by Tahnayee Clendinen, Guest Writer

America has always loved to watch its regular people rise to fame. It is that sacred love that has led thousands to tune in to shows such as “The X-Factor” or “The Voice,” both of which kicked off new seasons this month.

The basic platform of both shows is the same. Unknowns perform popular singles with his or her own twist for a panel of celebrity judges, which then eliminate contestants.

At the end, only one remains who judges and fans declare to have “the voice” or “the x factor” that it takes to make it in the business.

The question is what sets the two shows apart. In a head-to-head competition, a few subtleties make all the difference.

Beginning with the format of the shows, “The X-Factor” auditions are almost identical to the “American Idol” process.         The contestants who are selected to perform do so for the judges in front of an audience. They are then further refined to a group of 16 or 17.

This newly formed group of competitors performs before judges and an audience, and public polling determines who is eliminated each week.

“The Voice” uses the blind audition setup. Judges sit with their backs to the performers and only turn around to view those they find most talented. From there, the contestants perform in battle rounds, leaving the elimination decisions up to the judges and later the public.

As for diva and eye candy appeal, “The Voice” gives it with full force. Christina Aguilera serves up a healthy dose of diva during playful banter, which usually comes out when one of her picks is in danger of being lost to a fellow judge, especially CeeLo Green. Eye candy for the show comes in the splendid form of “Maroon 5’s” Adam Levine and country singer Blake Shelton.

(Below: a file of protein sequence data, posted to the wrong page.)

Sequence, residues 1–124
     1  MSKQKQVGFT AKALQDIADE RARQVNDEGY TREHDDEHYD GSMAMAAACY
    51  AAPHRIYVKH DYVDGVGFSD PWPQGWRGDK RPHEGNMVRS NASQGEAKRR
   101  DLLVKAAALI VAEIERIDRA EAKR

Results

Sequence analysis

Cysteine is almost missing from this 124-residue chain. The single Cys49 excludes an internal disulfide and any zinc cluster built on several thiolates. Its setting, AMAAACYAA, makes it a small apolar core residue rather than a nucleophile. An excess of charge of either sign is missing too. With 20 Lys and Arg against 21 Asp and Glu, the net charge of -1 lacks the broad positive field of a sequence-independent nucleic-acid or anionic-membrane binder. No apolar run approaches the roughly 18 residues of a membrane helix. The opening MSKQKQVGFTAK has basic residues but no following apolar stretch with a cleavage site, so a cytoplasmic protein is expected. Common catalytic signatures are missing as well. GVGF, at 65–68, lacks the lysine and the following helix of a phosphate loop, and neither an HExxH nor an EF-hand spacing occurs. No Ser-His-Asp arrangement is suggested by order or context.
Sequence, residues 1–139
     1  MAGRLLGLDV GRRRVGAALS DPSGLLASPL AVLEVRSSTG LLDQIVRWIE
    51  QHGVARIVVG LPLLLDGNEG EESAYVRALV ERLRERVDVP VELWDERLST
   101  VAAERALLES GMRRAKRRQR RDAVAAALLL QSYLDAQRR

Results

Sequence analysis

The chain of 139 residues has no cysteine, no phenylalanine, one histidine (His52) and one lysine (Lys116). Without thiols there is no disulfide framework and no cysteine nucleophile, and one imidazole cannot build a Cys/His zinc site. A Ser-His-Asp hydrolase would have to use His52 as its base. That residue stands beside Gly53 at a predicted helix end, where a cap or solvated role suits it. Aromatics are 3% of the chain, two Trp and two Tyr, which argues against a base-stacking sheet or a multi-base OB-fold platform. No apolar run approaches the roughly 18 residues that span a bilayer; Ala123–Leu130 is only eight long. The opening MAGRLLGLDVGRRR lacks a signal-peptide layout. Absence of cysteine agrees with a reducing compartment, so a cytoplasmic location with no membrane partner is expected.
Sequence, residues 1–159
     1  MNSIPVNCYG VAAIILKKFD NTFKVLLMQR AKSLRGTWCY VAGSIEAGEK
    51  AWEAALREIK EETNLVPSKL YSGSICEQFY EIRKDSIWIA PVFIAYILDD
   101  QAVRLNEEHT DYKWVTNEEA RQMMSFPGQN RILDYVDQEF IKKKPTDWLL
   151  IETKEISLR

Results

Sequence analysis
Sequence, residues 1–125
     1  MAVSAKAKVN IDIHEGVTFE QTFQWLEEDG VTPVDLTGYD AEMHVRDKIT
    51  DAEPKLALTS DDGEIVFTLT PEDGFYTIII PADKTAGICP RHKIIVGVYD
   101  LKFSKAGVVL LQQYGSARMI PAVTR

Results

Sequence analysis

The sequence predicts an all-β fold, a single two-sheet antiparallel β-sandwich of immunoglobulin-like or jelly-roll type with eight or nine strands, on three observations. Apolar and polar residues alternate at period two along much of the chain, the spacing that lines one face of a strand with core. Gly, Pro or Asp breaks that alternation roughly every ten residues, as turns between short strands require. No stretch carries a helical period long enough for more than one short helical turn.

“X-Factor” doesn’t serve as much of either category. All of “X-Factors’s” female judges share the caring, encouraging role. None of them stick out as being diva material.

As far as eye candy goes, unless rude, aging and British is your style, Simon Cowell just isn’t it.

On “The Voice,” judges Levine, Aguilera, Shelton and Green are all fair. They give criticism where it is due but it’s always constructive.

Encouragement on the show always feels genuine and non-scripted.

“X-Factor’s” judges Kelly Rowland, Demi Lovato, Paulina Rubio and Cowell seem to be sitting with an extreme divide.         Cowell is his usual self, giving props where they are due but harshly insulting those who are talent-challenged.

Rowland, Lovato and Rubio all seem to only give hope to contestants. Their criticisms are constructive but seem a bit more rehearsed.

Comedy and suspense can turn a show with an overdone concept into a weekly thrill worth tuning in to.

“The Voice” rarely has a comedic moment that doesn’t consist of the judges laughing at something they said, but the talent on the show is serious.

The acts are so stellar that suspense is highlighted  by the wait for an elimination to be announced.

“The X-Factor” has many comedic moments, because they allow those who are talent-challenged to audition. These moments make the show seem like it’s all comedy, but there are some powerhouse acts that come through and remind us that it is serious business.

Both shows have their own respective pros and cons.

To sum it up, “The Voice” brings the diva and eye candy action, fair criticism, comedy and suspense. “The X-Factor” gives us comedy, suspense, encouraging or harsh criticisms but lacks in the diva and eye candy department.

It all boils down to preference in the end, but in a show-to-show battle, “The Voice” emerges victorious. ◼︎

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